Searches have come up with when and which one, but no why. Why is it recommended or common to feed infants rice cereal as their first food? Why would we feed our daughter a processed food over a natural alternative?
1What's unnatural with rice cereal?– Lennart RegebroOct 4, 2011 at 13:41
1Not an answer, but our doctor did not recommend rice as my son's first solid food. We started with puréed fruit and then oatmeal.– Christopher BibbsOct 4, 2011 at 14:45
@Lennart, it's not so much unnatural as processed. I prefer to eat fresh food over processed, packaged food.– Hand-E-FoodOct 4, 2011 at 22:24
That would mean raw food as everything else is processed in some form. Raw food is hard to digest, and not a good baby food. It would not only tend to give the baby stomach problems, it doesn't provide enough energy. Babies need a lot of energy.– Lennart RegebroOct 5, 2011 at 9:11
First foods are highly dependent on culture. In Germany/Switzerland, first foods are traditionally mashed potatoes and carrots.– JonasOct 12, 2011 at 22:08
There is no "rule" that the first solid food has to be rice cereal. However, it is frequently recommended as a first solid. There are likely several reasons for this recommendation.
In short, the reason rice cereal is usually recommended is because it is relatively safe, makes a good transitional solid food, and is readily available.
Rice may be less likely to cause an allergic reaction. However, this appears to vary by geographic region. It seems rice allergies are more frequent in regions where rice is more of a staple, such as East Asia, but in other regions it seems more likely to be an issue for adults than children:
Frequency of sensitivity to rice was six times higher in adults than in children (St. Louis, MO, USA)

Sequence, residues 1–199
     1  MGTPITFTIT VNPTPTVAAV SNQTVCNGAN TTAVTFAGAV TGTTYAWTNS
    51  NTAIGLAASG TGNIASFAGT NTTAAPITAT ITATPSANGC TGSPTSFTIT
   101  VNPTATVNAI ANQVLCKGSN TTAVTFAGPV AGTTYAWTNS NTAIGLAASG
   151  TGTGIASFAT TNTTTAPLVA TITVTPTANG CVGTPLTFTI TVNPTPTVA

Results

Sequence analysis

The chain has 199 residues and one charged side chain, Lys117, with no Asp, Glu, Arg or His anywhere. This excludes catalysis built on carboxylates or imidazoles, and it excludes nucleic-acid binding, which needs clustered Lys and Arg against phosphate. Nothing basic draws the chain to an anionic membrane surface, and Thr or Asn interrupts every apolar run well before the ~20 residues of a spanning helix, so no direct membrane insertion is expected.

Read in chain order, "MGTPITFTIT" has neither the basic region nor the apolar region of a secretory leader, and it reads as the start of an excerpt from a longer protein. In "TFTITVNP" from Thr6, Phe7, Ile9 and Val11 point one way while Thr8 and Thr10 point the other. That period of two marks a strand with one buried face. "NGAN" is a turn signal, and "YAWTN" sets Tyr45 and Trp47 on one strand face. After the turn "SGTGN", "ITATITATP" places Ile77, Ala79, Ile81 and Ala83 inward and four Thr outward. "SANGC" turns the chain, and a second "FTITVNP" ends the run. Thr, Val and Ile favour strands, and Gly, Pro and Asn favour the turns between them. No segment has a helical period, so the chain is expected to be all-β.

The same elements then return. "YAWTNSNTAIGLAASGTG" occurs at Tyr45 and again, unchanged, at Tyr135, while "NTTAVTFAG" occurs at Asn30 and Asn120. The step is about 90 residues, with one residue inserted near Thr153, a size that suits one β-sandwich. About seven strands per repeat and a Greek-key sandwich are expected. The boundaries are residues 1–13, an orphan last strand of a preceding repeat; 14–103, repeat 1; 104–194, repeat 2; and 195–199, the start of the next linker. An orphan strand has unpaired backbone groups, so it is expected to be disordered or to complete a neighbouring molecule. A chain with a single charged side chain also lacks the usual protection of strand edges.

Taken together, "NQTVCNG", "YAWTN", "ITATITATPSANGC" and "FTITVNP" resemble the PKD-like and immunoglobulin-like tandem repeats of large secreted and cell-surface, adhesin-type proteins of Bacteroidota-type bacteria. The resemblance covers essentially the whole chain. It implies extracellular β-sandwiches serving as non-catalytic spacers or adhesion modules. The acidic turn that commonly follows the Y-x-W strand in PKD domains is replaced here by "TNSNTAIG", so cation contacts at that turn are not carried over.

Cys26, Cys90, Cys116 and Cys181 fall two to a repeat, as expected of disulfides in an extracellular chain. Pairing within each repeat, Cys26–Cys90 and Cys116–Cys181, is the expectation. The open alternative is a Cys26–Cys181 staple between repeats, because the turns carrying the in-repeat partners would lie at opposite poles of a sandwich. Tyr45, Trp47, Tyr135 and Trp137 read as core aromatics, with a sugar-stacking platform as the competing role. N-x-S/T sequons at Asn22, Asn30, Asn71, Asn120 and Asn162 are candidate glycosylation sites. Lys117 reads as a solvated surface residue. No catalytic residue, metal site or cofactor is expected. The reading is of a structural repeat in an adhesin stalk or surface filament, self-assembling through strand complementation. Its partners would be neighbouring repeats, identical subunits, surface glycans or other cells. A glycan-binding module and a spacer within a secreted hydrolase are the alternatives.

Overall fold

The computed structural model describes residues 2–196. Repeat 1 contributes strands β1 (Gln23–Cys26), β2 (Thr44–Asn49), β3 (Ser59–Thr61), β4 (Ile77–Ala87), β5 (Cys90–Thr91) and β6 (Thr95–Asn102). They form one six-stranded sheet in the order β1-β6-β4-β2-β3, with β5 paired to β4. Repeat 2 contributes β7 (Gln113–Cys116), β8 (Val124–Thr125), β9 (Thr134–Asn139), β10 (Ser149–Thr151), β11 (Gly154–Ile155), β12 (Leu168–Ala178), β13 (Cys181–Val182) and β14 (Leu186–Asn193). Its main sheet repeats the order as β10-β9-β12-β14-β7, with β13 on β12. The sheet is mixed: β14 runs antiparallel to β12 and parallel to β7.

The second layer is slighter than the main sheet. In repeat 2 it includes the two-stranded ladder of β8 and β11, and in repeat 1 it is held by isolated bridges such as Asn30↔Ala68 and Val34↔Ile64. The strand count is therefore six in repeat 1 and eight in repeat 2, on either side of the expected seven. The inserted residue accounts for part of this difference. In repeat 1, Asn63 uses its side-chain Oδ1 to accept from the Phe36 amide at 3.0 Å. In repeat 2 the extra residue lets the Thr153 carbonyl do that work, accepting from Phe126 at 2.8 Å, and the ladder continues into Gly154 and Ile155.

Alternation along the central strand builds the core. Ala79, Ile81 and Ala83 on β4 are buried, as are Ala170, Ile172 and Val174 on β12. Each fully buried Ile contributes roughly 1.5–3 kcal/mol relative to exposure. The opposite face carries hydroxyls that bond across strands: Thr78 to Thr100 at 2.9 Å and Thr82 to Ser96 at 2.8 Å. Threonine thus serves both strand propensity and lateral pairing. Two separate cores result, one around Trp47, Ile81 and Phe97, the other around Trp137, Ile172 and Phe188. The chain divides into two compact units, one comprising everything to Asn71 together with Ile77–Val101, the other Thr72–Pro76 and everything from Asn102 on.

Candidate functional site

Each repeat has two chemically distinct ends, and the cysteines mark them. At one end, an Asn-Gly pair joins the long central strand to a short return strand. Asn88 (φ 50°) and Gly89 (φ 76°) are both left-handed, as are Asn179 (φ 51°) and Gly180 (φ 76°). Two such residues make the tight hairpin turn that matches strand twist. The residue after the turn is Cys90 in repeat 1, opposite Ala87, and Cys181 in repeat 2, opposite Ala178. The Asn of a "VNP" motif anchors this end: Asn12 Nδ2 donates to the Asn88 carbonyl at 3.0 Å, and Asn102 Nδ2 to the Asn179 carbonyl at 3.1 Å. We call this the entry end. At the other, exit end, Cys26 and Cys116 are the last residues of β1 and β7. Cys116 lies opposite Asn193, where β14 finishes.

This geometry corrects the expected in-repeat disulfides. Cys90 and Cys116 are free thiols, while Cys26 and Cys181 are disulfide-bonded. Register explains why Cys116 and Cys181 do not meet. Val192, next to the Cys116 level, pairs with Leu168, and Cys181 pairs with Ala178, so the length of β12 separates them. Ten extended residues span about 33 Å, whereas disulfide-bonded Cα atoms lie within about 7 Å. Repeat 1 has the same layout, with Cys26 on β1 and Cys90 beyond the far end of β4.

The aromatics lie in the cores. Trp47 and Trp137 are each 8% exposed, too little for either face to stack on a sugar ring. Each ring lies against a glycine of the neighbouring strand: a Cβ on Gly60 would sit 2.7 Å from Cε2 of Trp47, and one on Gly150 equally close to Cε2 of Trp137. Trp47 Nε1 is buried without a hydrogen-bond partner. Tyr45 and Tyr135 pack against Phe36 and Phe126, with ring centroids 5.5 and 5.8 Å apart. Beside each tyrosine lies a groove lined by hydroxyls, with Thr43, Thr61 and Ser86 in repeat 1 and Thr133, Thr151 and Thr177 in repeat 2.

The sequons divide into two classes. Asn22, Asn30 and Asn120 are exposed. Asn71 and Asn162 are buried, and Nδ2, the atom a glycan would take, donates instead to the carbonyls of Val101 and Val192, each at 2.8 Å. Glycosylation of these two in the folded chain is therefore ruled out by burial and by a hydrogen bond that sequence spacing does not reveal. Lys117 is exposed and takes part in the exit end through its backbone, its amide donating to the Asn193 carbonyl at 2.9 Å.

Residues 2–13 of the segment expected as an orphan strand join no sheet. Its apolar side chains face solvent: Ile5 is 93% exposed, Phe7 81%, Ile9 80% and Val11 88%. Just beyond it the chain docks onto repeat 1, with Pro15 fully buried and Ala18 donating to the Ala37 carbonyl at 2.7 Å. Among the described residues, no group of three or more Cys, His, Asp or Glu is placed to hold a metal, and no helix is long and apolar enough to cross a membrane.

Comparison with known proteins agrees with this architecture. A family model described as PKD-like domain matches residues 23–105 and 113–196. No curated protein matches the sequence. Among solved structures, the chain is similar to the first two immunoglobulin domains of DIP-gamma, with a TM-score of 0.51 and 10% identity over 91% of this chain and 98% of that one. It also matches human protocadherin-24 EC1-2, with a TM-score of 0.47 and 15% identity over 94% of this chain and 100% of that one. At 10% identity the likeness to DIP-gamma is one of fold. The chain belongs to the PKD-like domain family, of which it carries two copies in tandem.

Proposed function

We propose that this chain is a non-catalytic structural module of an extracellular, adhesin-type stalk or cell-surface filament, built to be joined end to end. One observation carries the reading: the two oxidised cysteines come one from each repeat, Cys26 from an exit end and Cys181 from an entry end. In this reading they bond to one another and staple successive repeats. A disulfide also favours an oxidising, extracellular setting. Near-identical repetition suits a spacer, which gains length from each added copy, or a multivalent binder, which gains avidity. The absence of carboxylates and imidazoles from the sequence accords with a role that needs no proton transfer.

That's not to say that allergies to rice are unheard of, as that same document cites "severe shock" during double-blind challenges involving rice and flour in at least 3 infants.
However, the incidence of wheat-based reactions seems higher in young children, as wheat allergies seem to be the most common childhood food allergy. In addition to common wheat allergies, celiac disease is another concern.
Texture is another reason to recommend rice cereal, although there are other foods with similar texture that are perfectly adequate alternatives. You can control the texture of the cereal by controlling how much moisture is added to the dry mix, resulting in a range of textures from thin, watery cereal that is not too dissimilar from breast-formula, to relatively thick and chunky cereal. This facilitates a gradual transition to more challenging solids.
Rice cereal, as well as other infant cereal mixes, can be mixed using formula or breast milk instead of plain water. This adds additional nutrients, and further aids a gradual transition by virtue of incorporating familiar tastes for the infant.
One final point in favor of rice cereal is its widespread commercial availability. In my area, at least, every major supermarket carries infant rice cereal (and several other varieties of infant cereal).
There is a growing school of thought that such transitional solids are not necessary, and that it is perfectly acceptable to start introducing infants to the same foods (with a few exceptions, due to allergen risks) as adults. This is known as baby led weaning, and is something that I was very interested in exploring with our son. The basic concept is that children can learn to enjoy solid foods by simply eating what everyone else is eating. This makes eating fun for the child, while allowing them to feel more "involved" in the family eating ceremonies (family dinner, etc.). It can be extremely messy! However, many parents who use this method rave about the results. One of the primary ideas is that "food is for fun; breast milk/formula is for nutrition", and this seems to hold true for infants regardless of whether you start with cereals or jump right in with pork chops (and yes, some parents give their 6 month olds pork chops - see the caption on the picture on the front page!). Breastmilk or formula remains the primary source of nutrition to 12 months.